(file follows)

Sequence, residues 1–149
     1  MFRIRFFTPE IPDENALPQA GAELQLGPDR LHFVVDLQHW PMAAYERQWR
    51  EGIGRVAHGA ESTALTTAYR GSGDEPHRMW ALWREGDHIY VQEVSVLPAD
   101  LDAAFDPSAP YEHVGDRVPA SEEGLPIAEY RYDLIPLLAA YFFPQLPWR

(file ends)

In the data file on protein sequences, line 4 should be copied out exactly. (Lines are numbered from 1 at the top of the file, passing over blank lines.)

   101  LDAAFDPSAP YEHVGDRVPA SEEGLPIAEY RYDLIPLLAA YFFPQLPWR